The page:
I’d like to think, though, that my longstanding aversion to making a Big Deal out of New Year’s Eve has something to do with my conviction, which is the Church’s conviction, that the real “new year” begins with First Vespers of the First Sunday of Advent. And if that’s true, then going bonkers over the turn of the civil calendar is giving a bit more to Caesar than Caesar has a right to receive.Share
Friday, December 31, 2010
"The World Turned Upside Down" is an English ballad. It was first published on a broadside in 1643 as a protest against the policies of Parliament relating to the celebration of Christmas. Parliament believed the holiday should be a solemn occasion, and outlawed traditional English Christmas celebrations. There are several versions of the lyrics. It is sung to the tune of another ballad, "When the King Enjoys His Own Again".Share
Thursday, December 30, 2010
Saint Luke does not say that the angels sang. He states quite soberly: the heavenly host praised God and said: "Glory to God in the highest" (Lk 2:13f.). But men have always known that the speech of angels is different from human speech, and that above all on this night of joyful proclamation it was in song that they extolled God’s heavenly glory. So this angelic song has been recognized from the earliest days as music proceeding from God, indeed, as an invitation to join in the singing with hearts filled with joy at the fact that we are loved by God. Cantare amantis est, says Saint Augustine: singing belongs to one who loves. Thus, down the centuries, the angels’ song has again and again become a song of love and joy, a song of those who love. At this hour, full of thankfulness, we join in the singing of all the centuries, singing that unites heaven and earth, angels and men. Yes, indeed, we praise you for your glory. We praise you for your love. Grant that we may join with you in love more and more and thus become people of peace. Amen.Share
London-based military chronicler Lyn MacDonald, in her study 1915: The Death of Innocence, singles out as characteristic the fate of Britain’s aristocratic stud-book, Debrett’s Peerage. This directory needed to have its 1915 edition delayed because “so many heirs to great lands and titles had been killed, that it took the editors many months to revise the entries of almost every blue-blooded family in the United Kingdom.” British Prime Minister Herbert Asquith lost a son. Hilaire Belloc, the great poet and journalist, lost a son. Another great poet, Rudyard Kipling, lost a son. Future German President Friedrich Ebert lost three sons.Share
Equally notable is the body-count among artists and intellectuals of the time. France’s Alain Fournier, creator of the exquisite novel Le Grand Meaulnes, was killed in 1914. So was the eminent French poet and philosopher, Charles Péguy. America’s own Alan Seeger, whose verses had been admired by T. S. Eliot, joined the French Foreign Legion and was killed in 1916. Also killed in 1916: Britain’s H. H. Munro, who wrote superb short stories under the pen-name “Saki,” and who, refusing an officer’s rank, enrolled as a private. Killed in 1918: English poet Isaac Rosenberg. Killed in 1918: another American poet, Joyce Kilmer.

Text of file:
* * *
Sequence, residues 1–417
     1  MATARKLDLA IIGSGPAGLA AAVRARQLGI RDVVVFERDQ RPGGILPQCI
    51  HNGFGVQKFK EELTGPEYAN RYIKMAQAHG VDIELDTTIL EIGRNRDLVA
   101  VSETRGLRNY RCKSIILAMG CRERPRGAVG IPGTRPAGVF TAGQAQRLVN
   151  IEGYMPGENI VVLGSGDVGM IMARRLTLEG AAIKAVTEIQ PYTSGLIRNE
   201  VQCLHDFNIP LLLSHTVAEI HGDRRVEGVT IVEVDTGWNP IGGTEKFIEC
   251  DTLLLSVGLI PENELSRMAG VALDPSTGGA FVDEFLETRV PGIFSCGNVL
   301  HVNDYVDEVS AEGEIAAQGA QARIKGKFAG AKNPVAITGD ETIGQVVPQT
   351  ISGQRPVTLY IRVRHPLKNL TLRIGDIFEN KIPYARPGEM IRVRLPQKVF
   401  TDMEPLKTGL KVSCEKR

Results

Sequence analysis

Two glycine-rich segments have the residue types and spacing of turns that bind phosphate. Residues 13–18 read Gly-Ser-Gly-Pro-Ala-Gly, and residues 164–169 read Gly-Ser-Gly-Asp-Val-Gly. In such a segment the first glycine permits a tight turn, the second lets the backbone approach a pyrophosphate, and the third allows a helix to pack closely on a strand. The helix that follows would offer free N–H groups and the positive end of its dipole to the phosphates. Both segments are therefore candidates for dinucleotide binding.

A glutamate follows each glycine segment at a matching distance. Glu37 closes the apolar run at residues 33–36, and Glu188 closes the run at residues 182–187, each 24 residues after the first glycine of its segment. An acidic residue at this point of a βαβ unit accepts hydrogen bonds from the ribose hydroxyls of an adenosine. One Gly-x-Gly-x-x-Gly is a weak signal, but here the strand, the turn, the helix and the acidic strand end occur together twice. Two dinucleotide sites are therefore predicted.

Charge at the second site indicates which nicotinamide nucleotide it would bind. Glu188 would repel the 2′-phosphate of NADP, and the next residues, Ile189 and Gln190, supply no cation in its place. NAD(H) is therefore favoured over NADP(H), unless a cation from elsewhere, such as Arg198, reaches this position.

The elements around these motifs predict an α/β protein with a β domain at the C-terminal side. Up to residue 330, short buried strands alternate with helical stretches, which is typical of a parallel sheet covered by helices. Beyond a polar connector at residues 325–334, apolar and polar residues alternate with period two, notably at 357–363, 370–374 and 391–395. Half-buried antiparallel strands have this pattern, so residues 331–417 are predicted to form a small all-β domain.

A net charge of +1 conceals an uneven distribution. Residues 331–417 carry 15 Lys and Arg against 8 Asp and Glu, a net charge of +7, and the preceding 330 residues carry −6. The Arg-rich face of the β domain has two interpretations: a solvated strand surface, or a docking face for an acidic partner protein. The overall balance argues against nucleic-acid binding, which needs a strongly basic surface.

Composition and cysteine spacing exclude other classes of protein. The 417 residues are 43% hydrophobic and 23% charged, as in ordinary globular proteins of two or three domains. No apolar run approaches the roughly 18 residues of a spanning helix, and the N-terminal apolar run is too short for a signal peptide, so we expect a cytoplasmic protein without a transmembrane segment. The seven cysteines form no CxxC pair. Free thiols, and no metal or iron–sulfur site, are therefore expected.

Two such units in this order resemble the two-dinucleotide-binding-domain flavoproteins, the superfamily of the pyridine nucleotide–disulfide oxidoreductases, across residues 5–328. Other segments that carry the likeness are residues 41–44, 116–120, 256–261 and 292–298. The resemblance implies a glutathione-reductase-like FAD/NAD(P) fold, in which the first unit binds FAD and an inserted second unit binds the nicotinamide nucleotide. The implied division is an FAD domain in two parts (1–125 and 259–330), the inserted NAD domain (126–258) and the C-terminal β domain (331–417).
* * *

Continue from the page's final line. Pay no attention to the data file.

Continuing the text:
Wednesday, December 29, 2010
It has been a colourful life packed with drama, emotion and surprising twists, but few would imagine Tessa Dahl as a Bride of Christ.Share
But she has been living at Regina Laudis in Bethlehem, Connecticut, for more than a month now. Despite an exotic past, Tessa is already following the Benedictine strictures, or some of them at least.
She is learning to make butter, spin yarn and is generally preparing herself for what she describes as a complete commitment to God.
There are sceptics, naturally – they recall the years Tessa spent at the feet of an Indian guru, accompanied by her young daughter.
But today, as Tessa explains why she wishes to enter a closed community of nuns, there is a different, more compelling logic than mere attention-seeking.
There is, for example, her estrangement from Sophie, apparently caused when Tessa made some unguarded comments to the Press.
More pertinently, Tessa’s mother, the actress Patricia Neal, to whom she was so close, has recently died, leaving her bereft.
A woman who has spent her adult life struggling with herself and those around her seems finally to have found the one place ready to embrace her confusing world – Regina Laudis, the very institution that cared for her late mother as she entered her declining years.
Tuesday, December 28, 2010
While their mother was searching the house, Moppet and Mittens had got into mischief. ~from The Roly-Poly Pudding by Beatrix PotterBeatrix Potter's tales figured prominently in my childhood so I feel rather protective towards them and her. Miss Potter is an enjoyable enough film, oozing self-conscious charm while continually emphasizing how oppressive Victorian society was towards unmarried women, and women in general. The social studies lesson weighs upon the film's potential for enchantment. Not that the role of women in society should have been overlooked or glossed over but the point would have better made had it been made with subtlety. I think that the story would have fared better in the hands of Merchant and Ivory.
As the Austin Chronicle put it:
Miss Potter aims to be "enchanting" and "delightful" and "charming" and all those other adjectives that flow so easily from critics' pens when they're discussing independent movies of a particularly sweet British bent, but it never quite hits the mark. Which is not to say it's a bad movie, but you can see it sweating to be the kind of critical and public darling that movies like Finding Neverland, Sense and Sensibility, and Four Weddings and a Funeral managed to be with half the effort. The film has just the right amount of English wit in its script and pizzicato violins in its score to make its viewers feel both intelligent and cozy, but the story lacks the dramatic tension and sense of purpose to elicit any more of a response than that; plus, it leaves the meaty issue of Potter's questionable sanity maddeningly unexplored. Miss Potter is, in the end, a confection, a trip through the imagination on gossamer wings. Enchanting, perhaps, but a long, long way from meaningful.In spite of the emphasis on how well women can get on without men, the fact that Beatrix was a highly respected mycologist and made discoveries in that field is not mentioned in the film. She drew lovely pictures of mushrooms (we had a print of one at home) and I was surprised that one of her main achievements would be omitted.